Standardized FPSO offers potentially major schedule, cost gains
SBM Offshore’s first `Fast4Ward’ FPSO is a new concept based on a standard, multi-purpose new-build hull supporting topsides that also involve a high degree of standardization.
SBM commits to first spec-built hull in China
Jeremy Beckman,Editor, Europe
An artist’s impression of how three different generations of topsides would be configured on a Fast4Ward multi-purpose (generic) hull. The top vessel is shown with a second-generation topsides weighing typically 10,000-15,000 tonnes. The middle hull is with complex third-generation topsides weighing typically 24,000 tonnes, as seen on the recent SBM presalt FPSOs for offshore Brazil. The bottom vessel features a future fourth-generation (Fast4Ward) topsides configuration weighing 35,000 tonnes. (All images courtesy SBM Offshore)
Earlier this year, construction started in Shanghai of SBM Offshore’s first ‘Fast4Ward’ FPSO. This is a new concept based on a standard, multi-purpose newbuild hull supporting topsides that also involve a high degree of standardization. It is a unique combination which the company claims can accelerate delivery of the FPSO by up to one year, improve construction efficiency, and cut typical project costs by over $500 million. Both ABS and Bureau Veritas have issued Basic Design Approval for the generic hull.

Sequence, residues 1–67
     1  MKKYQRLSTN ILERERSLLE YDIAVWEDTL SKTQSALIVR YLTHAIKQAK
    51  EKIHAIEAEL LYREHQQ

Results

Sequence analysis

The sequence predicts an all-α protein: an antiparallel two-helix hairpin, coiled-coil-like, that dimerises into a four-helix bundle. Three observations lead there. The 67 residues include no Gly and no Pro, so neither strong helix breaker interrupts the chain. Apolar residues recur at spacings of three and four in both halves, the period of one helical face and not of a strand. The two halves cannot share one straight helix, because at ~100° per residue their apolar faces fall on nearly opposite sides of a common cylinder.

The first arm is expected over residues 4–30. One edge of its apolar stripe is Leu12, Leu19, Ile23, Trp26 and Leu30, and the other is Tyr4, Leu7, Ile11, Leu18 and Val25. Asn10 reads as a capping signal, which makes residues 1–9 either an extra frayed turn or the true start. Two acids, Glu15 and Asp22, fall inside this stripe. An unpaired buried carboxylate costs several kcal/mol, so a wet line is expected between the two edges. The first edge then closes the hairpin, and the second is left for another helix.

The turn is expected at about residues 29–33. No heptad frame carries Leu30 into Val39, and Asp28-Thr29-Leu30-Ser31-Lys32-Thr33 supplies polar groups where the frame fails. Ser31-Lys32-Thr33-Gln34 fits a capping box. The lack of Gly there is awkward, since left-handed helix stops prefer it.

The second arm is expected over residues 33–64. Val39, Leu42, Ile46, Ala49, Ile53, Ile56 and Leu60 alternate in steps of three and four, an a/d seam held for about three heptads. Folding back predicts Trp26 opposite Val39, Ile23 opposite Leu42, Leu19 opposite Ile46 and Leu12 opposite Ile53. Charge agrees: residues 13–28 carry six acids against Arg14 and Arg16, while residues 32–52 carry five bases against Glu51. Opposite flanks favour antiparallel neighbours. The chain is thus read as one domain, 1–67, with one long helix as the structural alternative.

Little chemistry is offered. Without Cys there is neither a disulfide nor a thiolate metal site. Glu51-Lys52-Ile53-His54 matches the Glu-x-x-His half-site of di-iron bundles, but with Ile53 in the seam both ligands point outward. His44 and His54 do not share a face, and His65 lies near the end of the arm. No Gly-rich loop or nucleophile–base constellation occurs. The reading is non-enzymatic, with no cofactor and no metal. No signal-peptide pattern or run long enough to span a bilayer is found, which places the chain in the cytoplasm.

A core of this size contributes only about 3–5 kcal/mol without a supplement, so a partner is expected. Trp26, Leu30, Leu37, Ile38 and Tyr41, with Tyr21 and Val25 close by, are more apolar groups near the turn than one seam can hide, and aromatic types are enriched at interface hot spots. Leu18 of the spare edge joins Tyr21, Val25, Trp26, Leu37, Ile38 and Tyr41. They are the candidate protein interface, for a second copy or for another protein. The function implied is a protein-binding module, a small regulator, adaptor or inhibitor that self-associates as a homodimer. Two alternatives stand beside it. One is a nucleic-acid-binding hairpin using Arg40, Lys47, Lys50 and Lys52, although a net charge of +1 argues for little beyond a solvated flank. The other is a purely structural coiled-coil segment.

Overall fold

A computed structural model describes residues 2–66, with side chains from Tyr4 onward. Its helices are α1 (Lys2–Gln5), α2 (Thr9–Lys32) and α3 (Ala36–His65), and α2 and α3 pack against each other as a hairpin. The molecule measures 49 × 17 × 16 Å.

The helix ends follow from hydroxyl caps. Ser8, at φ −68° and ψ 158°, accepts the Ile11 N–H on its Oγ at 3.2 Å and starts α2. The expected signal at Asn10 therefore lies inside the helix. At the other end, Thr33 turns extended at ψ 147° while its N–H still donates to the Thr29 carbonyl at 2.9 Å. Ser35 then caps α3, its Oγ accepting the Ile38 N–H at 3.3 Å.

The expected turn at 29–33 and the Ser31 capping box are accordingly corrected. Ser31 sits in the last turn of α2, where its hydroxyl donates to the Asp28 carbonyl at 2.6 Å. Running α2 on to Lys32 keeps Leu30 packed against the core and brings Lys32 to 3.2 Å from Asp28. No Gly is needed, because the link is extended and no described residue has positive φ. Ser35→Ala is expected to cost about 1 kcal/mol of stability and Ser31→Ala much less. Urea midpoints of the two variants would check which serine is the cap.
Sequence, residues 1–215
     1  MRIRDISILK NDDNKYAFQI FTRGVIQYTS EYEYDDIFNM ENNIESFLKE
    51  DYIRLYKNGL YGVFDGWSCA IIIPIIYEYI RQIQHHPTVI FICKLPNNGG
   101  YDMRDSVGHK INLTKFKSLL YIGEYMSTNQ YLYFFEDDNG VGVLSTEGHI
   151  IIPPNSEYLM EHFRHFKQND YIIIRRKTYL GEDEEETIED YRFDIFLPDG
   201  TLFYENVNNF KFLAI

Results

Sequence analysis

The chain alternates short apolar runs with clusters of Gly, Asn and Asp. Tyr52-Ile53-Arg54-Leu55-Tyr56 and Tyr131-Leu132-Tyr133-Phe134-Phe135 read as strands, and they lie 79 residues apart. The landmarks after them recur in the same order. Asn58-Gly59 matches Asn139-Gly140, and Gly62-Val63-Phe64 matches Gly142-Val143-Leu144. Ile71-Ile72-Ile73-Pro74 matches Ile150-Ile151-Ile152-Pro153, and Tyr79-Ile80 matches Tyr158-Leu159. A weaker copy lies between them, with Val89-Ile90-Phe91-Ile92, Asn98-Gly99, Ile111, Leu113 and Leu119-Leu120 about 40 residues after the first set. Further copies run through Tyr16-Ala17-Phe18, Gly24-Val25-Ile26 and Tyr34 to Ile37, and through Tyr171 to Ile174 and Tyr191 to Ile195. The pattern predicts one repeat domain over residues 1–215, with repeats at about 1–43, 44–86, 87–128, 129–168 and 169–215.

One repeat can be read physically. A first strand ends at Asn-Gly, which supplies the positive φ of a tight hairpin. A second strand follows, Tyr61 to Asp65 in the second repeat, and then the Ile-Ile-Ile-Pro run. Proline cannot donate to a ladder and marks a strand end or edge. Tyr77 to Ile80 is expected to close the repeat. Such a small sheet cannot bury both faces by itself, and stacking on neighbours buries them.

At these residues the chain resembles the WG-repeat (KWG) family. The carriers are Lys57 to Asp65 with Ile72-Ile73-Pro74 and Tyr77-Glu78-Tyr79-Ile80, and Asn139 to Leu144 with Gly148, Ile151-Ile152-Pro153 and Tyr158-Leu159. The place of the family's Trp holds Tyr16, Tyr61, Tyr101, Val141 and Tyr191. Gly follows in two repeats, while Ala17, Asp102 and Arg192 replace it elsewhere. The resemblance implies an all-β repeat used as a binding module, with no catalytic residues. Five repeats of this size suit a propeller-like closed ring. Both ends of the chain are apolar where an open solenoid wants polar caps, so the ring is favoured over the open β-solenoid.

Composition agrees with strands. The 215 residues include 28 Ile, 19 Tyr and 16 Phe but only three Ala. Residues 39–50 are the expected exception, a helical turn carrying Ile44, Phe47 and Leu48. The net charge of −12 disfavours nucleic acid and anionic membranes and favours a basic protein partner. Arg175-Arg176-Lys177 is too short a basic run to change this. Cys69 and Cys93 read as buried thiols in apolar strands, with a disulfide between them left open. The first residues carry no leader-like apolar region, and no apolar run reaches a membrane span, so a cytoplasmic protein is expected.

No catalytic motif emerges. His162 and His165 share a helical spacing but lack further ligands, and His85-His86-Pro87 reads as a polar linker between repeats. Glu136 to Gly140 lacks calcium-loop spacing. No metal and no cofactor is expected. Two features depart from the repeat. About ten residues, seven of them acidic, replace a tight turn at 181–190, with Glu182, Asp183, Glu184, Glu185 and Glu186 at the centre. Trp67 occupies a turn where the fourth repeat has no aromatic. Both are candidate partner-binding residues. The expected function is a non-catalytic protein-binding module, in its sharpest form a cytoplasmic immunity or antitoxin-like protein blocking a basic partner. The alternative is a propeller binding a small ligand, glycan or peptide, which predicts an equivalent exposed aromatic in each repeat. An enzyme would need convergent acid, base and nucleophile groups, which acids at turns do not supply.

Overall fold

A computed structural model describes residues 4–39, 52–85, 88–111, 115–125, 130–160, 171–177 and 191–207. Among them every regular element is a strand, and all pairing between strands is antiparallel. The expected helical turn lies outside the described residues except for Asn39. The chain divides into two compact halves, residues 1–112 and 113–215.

Offshore spoke to Severine Baudic, Floating Production Solutions Managing Director at SBM Offshore, about the rationale behind this development.
Offshore: Fast4Ward is said to offer greater safety and reliability through standardization and repetition. Can you explain the connection?
Baudic: The safety aspect of the Fast4Ward FPSO is enhanced due to several factors. Firstly, safety is inherent in the product design, which is a feature of all SBM Offshore’s FPSOs. This is principally achieved by locating hydrocarbon processing modules away from the living quarters, control rooms and equipment rooms. This design premise drives the overall Fast4Ward FPSO layout, with only benign or non-hazardous equipment located near the commonly occupied safe areas. Specific efforts have been made to: